Choosing a language for your application just because it's & fast "is the final form of premature optimization.
One of my favorite Python is that it allows you to optimize a little bit of code at once. Assuming you have a Python method, you find it is your bottleneck. You have optimized it several times and may follow itHerewithThereSome of the guidance, now, you are sure that Python itself is your bottleneck. Python has the ability to call C code, which means that you can use C to override this method to reduce performance problems. You can rewrite one of these methods at once. This process allows you to write a well-optimized bottleneck method in any language that can be compiled into a C-compatible assembler. This allows you to write Python in most of the time, writing code only in lower levels if necessary.
There is a programming language called Cython, which is a superset of Python. It is almost a combination of Python and C, is a progressive type of language. Any Python code is valid for Cython code, Cython code can be compiled into C code. Using Cython, you can write a module or a method and gradually progress to more and more C types and performance. You can mix the C type with the Python duck type. With Cython, you can get the perfect combination after mixing, only at the bottleneck to optimize, while in all other places do not lose the beauty of Python.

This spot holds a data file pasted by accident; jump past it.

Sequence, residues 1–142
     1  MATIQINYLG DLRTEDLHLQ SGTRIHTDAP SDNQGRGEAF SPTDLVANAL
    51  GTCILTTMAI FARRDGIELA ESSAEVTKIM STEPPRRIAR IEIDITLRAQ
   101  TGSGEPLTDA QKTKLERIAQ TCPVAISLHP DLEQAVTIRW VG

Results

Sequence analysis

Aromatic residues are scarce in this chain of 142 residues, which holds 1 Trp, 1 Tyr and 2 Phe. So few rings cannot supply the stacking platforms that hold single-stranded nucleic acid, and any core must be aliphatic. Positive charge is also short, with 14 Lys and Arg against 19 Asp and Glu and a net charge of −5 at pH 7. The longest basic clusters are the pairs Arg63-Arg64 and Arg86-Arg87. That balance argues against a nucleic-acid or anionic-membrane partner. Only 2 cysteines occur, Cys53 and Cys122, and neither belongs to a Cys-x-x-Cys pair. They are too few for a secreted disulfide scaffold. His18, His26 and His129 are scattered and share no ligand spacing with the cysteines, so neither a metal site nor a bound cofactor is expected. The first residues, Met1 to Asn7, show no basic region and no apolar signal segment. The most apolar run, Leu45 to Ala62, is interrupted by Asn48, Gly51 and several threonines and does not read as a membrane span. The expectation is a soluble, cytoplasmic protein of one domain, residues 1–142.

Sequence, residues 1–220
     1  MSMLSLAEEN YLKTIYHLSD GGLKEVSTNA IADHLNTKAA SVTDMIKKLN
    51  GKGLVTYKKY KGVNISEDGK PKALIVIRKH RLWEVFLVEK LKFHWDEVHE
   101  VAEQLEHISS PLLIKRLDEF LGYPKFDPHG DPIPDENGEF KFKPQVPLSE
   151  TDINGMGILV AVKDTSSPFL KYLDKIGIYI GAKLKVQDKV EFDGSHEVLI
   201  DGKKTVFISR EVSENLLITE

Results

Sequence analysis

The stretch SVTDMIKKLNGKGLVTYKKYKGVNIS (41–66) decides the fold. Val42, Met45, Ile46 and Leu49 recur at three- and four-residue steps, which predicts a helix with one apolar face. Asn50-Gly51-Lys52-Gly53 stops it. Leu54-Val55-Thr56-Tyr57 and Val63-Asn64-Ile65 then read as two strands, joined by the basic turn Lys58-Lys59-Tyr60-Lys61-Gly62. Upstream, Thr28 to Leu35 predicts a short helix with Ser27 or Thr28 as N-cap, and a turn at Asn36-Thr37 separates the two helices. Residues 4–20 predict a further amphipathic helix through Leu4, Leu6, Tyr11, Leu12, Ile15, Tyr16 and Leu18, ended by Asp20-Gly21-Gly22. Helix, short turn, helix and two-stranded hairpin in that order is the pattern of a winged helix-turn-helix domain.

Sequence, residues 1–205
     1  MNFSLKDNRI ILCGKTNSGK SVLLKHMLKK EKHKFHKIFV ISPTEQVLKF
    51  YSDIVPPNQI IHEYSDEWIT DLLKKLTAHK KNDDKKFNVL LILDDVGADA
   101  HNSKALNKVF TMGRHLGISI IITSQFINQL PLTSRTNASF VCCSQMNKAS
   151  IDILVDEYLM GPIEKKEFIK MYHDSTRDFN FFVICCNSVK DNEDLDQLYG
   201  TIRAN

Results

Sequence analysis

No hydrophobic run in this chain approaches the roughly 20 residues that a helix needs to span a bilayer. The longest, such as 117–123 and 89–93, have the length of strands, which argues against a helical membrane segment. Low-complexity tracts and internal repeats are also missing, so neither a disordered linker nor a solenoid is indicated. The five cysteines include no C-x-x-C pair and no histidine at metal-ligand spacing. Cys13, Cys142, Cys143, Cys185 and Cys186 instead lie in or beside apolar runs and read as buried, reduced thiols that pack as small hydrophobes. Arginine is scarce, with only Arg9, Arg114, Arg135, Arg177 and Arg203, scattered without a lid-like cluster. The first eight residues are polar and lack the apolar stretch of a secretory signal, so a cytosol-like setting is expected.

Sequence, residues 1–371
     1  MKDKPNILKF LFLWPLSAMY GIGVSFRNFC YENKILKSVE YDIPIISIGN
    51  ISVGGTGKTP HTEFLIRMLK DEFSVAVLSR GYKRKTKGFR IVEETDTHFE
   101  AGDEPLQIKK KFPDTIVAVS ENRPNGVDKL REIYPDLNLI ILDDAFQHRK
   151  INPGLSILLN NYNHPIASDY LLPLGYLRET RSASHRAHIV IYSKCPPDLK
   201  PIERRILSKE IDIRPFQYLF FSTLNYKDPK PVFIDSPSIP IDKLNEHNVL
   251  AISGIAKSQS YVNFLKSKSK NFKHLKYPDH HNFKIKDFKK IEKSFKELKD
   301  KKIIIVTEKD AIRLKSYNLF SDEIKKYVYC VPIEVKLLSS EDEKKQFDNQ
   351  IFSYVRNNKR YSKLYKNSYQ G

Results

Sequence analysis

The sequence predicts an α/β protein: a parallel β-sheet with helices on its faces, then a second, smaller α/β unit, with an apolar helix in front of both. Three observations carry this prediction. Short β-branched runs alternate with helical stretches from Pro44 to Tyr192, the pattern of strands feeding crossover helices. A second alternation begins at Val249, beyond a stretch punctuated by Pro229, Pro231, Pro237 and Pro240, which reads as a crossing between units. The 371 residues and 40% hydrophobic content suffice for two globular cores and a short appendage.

A screenshot of the Star Wars: This is a space MMO game written in Python.
When you finally encounter Python's performance problems, you do not need to write your entire code base in another different language. You only need to use Cython to rewrite several functions, almost you can get the performance you need. This isStar Wars EveTake the strategy. This is a large multi-player computer game that uses Python and Cython throughout the architecture. They achieve game-level performance by optimizing bottlenecks in C / Cython. If this strategy is useful to them, then it should be helpful to anyone. Or, there are other ways to optimize your Python. E.g,PyPyIs a Python JIT implementation that provides important runtime improvements (such as web servers) for long-running applications by using PyPy for CPython, which is the default implementation of Python.
Let's take a look at the points:
Optimize your most expensive resources. That's you, not the computer.
Choose a language / framework / architecture to help you develop quickly (such as Python). Do not just choose them because of some technology.
When you encounter performance problems, please find the bottleneck.
Your bottleneck is probably not the CPU or Python itself.
If Python becomes your bottleneck (you have optimized your algorithm), then you can turn to popular Cython or C.
Enjoy the fun of doing things quickly.
I hope you like reading this article just as I like to write this article. If you want to say thank you, please give me some praise. Also, if at some point you want to talk to me about Python, you can be on twitter for me (@nhumrich), or you canPython slack channelfind me.
About the Author:
Nick Humrich - insists on using continuous delivery methods and writes a lot of tools for it. The same is a Python hacker and technology enthusiasts, is currently a DevOps engineers.